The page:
The Seattle City Council passed legislation on Tuesday to repeal a head tax that would have required local businesses with gross revenue above $20 million to pay $275 annually for every full-time worker in the city as a means to fund its growing homelessness crisis. Seattle Mayor Jenny Durkan is expected to sign the repeal into law.
The council had unanimously passed the measure, dubbed the "Amazon tax," on May 14, but several council members have since changed their tune. Councilmember Kshama Sawant is not among them. On Monday, she tweeted that the repeal is “a capitulation to bullying by Amazon & other big biz.” Along with Teresa Mosqueda, Sawant is one of two councilmembers who maintained their support of the tax and voted against the repeal.
The repeal came quicker than expected. Opponents of the head tax had been collecting signatures for a petition to put a repeal initiative on the ballot this coming November. Amazon, Starbucks and Vulcan, Microsoft co-founder Paul Allen’s company, are among the top five contributors to the anti-head tax campaign, called No Tax on Jobs. The organization had reportedly received more than double the signatures necessary to put a head tax repeal on the ballot, but the City Council vote rendered the initiative moot.
In addition to giants like Amazon and Starbucks, a long list of other businesses also publicly opposed the head tax. Leaders of Seattle-based venture-backed businesses including Rover, RealSelf and Outreach all signed an open letter speaking out against it.
Seattle City Council president Bruce Harrell, who called the special meeting to overturn the head tax, has told media outlets that the repeal isn’t due to the Amazon-backed campaign. He says it’s because of opposition from constituents.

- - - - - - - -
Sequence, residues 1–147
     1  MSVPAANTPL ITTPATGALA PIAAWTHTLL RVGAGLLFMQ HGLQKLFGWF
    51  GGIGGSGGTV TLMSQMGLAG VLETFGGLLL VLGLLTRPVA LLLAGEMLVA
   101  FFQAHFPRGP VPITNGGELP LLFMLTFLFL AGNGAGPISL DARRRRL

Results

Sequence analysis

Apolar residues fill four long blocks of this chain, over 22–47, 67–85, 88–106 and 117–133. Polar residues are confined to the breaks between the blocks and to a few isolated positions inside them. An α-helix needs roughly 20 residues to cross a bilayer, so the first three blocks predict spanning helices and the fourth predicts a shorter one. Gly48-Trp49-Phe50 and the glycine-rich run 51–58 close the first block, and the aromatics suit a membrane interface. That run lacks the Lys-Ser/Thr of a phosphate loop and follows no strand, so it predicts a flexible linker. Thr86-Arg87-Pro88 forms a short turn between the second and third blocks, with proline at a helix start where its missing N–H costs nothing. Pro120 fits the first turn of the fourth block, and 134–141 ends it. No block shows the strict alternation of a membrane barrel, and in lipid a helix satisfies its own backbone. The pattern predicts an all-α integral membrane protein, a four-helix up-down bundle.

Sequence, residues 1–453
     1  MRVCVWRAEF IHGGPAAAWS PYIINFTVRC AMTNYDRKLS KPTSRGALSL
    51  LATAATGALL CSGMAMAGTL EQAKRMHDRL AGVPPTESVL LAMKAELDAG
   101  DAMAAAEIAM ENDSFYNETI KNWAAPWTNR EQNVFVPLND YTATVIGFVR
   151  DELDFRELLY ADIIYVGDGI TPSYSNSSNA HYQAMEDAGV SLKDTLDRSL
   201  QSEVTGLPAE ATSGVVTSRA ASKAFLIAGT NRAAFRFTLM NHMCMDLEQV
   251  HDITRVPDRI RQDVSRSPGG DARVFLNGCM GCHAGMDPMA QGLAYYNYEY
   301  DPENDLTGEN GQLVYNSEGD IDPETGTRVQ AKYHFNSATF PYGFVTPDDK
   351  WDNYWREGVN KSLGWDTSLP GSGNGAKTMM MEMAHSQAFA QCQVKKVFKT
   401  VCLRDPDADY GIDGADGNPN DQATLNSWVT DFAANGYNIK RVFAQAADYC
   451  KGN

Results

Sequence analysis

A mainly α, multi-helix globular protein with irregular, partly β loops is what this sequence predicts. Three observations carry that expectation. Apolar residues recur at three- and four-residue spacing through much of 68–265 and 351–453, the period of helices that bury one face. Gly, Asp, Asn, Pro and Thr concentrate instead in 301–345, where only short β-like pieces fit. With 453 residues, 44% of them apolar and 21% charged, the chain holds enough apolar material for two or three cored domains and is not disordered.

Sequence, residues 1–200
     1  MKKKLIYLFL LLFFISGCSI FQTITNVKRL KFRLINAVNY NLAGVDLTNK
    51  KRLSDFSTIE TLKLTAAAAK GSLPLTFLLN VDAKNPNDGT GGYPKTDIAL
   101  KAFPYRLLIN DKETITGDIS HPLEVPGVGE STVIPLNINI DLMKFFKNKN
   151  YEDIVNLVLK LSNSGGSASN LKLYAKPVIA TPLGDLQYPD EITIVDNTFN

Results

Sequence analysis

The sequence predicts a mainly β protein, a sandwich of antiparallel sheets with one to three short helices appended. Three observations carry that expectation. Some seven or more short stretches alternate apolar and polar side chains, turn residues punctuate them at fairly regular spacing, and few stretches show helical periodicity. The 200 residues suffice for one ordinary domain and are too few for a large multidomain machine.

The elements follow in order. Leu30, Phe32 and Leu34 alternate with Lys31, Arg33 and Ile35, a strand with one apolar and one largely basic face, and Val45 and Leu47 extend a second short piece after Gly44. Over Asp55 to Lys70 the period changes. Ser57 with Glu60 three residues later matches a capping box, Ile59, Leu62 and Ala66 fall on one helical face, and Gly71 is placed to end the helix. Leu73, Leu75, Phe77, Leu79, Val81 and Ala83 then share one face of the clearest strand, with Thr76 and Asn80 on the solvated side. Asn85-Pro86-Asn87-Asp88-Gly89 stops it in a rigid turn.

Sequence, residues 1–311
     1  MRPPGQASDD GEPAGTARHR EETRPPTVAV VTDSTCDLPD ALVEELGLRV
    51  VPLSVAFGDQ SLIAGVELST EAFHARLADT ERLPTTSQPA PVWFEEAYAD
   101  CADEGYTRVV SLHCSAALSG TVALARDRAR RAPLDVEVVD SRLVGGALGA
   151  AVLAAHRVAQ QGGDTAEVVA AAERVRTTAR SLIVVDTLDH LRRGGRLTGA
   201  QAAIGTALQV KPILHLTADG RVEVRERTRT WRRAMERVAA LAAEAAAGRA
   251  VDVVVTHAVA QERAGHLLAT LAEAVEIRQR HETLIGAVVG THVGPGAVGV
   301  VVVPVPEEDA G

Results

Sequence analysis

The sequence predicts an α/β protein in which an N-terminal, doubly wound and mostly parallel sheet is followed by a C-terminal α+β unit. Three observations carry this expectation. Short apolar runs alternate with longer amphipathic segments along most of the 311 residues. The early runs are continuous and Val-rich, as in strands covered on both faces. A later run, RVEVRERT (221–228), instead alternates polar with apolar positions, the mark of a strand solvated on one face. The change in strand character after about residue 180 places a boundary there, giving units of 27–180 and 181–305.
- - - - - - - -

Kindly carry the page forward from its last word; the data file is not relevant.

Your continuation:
After the head tax passed last month, PitchBook spoke to Madrona Venture Partners managing partner Matt McIlwain, who's been a vocal opponent of the effort. He was hopeful the tax would be overturned but worried about negative implications in the interim.
"We've got companies in our portfolio that are going to have to think long and hard about growing their teams here," McIlwain told PitchBook in May. "I think it will definitely hurt job growth, and it will hurt the folks that are directly involved in the tech world, but also restaurateurs and construction workers and others in the greater ecosystem."
The head tax, reported to be the largest business tax of its kind in the US, has been a divisive issue since it was introduced. Business leaders across the US have been fretting about potential copycat taxes, while others applauded the action taken by Seattle councilmembers. Now that the tax has been overturned, how the city will fund measures to support the growing homeless population remains in question.
"I am encouraged to see Mayor Durkan and the Seattle City Council listening to the voices of the people including grassroots citizens, businesses of all sizes and workers benefiting from our city’s growth," McIlwain told PitchBook on Tuesday. "We all share a responsibility for understanding how the city spends money today, what our top priorities should be and how we are going to efficiently address those priorities over time."
Related reads: Why one VC says Seattle's new head tax is bad for startups